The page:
Migrant Crisis: Thai General Surrenders

By Nasueroh
150603-TH-manas-620 Lt. Gen. Manas Kongpaen (center), who faces human trafficking-related charges, appears at police headquarters in Bangkok, June 3, 2015.

A three-star general is in Thai police custody on charges related to human trafficking, after he turned himself in to authorities in Bangkok on Wednesday.

Royal Thai Army Lt. Gen. Manas Kongpaen appeared at National Police headquarters before being flown to Songkhla province in southern Thailand, where the charges were formally read to him.

“Lt. Gen. Manas, the suspect in an arrest warrant, travelled here to turn himself in to defend himself,” National Police Chief Gen. Somyos Poompanmuang told reporters in Bangkok.

“We discussed the legal procedure and we will send him over to Pol. Gen. Ek Angsananond, who is in charge of this case, before handing him over to the interrogator at the regional police bureau 9 [in Songkhla].”

By responding to the warrant for his arrest, the 58-year-old Manas became the highest-ranking figure implicated to date in a human trafficking scandal that has rocked Thailand since early May.

That’s when authorities discovered the bodies of 32 illegal migrants at abandoned people-smuggling camps hidden in the jungle in Songkhla near the Malaysian border. A subsequent crackdown by the Thai junta on human trafficking led to thousands of illegal Bangladeshi and ethnic Rohingya migrants coming ashore in Malaysia and Indonesia, after Thailand mounted a naval blockade on smugglers’ boats trying to land on its shores.

84 suspects

“There is no report that Lt. Gen. Manas has submitted a bail request, but I with treat him with honor because he is a senior officer,” Ek said after Manas had arrived in the south.

The army general did not speak to reporters as he walked into the regional police bureau. On Tuesday, he had proclaimed his innocence and told the media he was ready to defend himself in court.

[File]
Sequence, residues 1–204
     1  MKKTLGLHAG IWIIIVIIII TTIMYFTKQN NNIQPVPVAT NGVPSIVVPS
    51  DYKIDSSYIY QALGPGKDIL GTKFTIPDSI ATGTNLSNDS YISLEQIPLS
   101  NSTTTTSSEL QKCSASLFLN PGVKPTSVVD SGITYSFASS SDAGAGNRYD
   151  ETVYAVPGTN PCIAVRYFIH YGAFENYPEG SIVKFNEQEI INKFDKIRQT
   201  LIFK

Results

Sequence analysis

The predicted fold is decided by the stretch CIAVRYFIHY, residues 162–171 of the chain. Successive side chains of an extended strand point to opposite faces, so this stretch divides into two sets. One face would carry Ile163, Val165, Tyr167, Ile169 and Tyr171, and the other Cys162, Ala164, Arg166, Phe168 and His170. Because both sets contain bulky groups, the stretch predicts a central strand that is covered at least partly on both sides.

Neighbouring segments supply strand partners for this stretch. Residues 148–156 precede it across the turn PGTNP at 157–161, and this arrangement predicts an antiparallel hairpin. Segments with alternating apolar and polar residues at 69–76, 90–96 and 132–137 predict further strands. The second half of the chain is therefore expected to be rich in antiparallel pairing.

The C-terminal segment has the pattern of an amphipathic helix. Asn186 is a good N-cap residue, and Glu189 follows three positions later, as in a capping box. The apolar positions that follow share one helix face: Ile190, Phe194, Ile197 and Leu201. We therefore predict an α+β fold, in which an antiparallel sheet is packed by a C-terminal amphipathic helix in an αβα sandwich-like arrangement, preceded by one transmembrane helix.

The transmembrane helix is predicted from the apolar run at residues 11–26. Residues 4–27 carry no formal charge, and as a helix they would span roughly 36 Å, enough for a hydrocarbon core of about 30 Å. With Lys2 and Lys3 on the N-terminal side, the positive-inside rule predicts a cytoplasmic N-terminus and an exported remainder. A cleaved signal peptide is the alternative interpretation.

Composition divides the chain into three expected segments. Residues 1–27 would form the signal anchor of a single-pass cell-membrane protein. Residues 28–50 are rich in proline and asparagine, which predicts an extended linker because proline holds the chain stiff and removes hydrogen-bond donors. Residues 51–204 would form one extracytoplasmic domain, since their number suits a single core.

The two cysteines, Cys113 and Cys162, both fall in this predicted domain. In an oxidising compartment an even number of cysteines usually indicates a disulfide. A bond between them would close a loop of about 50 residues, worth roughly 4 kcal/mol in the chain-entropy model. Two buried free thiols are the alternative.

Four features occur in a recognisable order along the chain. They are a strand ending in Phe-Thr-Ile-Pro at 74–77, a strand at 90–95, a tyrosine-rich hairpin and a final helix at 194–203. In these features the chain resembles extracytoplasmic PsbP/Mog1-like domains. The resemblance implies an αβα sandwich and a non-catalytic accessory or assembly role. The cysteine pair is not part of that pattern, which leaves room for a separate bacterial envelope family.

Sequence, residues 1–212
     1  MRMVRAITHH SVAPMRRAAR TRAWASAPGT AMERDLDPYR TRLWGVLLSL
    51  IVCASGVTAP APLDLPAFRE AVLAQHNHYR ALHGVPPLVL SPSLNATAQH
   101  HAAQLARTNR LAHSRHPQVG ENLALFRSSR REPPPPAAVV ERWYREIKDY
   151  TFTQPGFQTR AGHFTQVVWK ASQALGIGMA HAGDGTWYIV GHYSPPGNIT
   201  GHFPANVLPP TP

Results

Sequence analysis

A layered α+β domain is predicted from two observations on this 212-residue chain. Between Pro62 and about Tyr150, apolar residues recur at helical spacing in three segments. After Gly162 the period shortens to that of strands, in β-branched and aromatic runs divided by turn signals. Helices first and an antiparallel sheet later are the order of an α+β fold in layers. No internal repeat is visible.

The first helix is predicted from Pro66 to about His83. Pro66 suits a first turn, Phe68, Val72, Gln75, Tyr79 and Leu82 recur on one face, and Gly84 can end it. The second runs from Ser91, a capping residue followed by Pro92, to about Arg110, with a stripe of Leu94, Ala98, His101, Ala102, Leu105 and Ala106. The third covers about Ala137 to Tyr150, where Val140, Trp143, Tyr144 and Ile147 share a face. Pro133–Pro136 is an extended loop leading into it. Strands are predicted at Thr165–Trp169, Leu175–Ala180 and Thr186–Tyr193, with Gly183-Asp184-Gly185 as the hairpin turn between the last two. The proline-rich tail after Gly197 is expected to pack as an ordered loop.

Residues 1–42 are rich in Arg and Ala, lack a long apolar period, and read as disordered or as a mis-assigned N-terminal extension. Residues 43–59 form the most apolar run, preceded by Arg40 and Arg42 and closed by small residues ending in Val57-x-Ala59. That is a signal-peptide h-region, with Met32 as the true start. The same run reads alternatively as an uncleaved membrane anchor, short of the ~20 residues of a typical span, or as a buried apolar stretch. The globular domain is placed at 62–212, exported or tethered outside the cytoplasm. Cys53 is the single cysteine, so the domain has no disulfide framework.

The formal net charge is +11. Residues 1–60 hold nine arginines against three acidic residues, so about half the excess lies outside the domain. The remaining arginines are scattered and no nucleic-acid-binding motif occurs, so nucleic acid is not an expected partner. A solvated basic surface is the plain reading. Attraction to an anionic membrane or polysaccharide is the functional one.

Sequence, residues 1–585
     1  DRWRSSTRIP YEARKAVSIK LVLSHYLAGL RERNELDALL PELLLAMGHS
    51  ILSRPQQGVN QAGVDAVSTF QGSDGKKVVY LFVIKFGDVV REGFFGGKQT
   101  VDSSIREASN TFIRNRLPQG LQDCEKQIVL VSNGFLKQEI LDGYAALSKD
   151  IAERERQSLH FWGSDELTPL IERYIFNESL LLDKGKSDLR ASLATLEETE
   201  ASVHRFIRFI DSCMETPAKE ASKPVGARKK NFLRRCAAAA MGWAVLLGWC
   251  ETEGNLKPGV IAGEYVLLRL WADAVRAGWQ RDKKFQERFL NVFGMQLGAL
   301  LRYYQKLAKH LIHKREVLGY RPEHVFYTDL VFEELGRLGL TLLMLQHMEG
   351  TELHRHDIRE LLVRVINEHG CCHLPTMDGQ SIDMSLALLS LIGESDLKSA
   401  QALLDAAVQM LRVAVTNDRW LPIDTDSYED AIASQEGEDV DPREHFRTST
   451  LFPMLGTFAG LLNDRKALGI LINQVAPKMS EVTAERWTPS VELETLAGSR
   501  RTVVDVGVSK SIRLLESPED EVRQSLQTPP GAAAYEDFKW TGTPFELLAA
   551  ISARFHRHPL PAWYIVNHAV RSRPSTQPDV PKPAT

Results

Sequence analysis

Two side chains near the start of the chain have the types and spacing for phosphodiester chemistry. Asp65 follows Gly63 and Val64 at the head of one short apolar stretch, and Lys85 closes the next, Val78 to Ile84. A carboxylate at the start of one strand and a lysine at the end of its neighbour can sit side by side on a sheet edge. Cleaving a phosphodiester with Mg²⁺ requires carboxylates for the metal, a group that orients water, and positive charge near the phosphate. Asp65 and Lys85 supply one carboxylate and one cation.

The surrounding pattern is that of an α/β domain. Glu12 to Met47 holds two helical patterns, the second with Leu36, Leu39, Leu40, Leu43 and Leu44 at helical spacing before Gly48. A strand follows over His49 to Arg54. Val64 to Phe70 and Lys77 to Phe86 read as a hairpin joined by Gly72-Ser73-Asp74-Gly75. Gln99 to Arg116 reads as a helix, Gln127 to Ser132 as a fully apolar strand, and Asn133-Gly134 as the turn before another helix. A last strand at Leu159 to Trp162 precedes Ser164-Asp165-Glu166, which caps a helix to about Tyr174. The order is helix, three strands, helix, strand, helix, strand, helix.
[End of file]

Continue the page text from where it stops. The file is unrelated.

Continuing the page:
Manas stands accused of being involved with a transnational human trafficking ring operating in Songkhla, and whose network allegedly stretched from Thailand to Myanmar, Bangladesh and Malaysia.

He is charged with collaborating in human trafficking, providing assistance to illegal migrants, detaining others and holding them for ransom.

“With regard to the development of the [human trafficking] cases, 84 arrest warrants have been issued,” Ek said, adding that 52 of the suspects had been arrested or had turned themselves in, while 32 others were at-large.

Corpses on the beach

In related news on Wednesday, the Associated Press reported that dozens of corpses had drifted to shore last month in Myanmar’s western Rakhine state – which is where most Rohingya Muslims come from.

“Some were believed to be Rohingya Muslims trying to escape trafficking ships, while others were Bangladeshi,” AP reported.

At least 47 bodies had washed up on local beaches and in the mouths of rivers between May 12 and May 24, the news agency quoted Chris Lewa of the Arakan Project, a human rights advocacy group, as saying.

She suspected that those people had drowned while trying to swim to shore after escaping from boats, according to AP.


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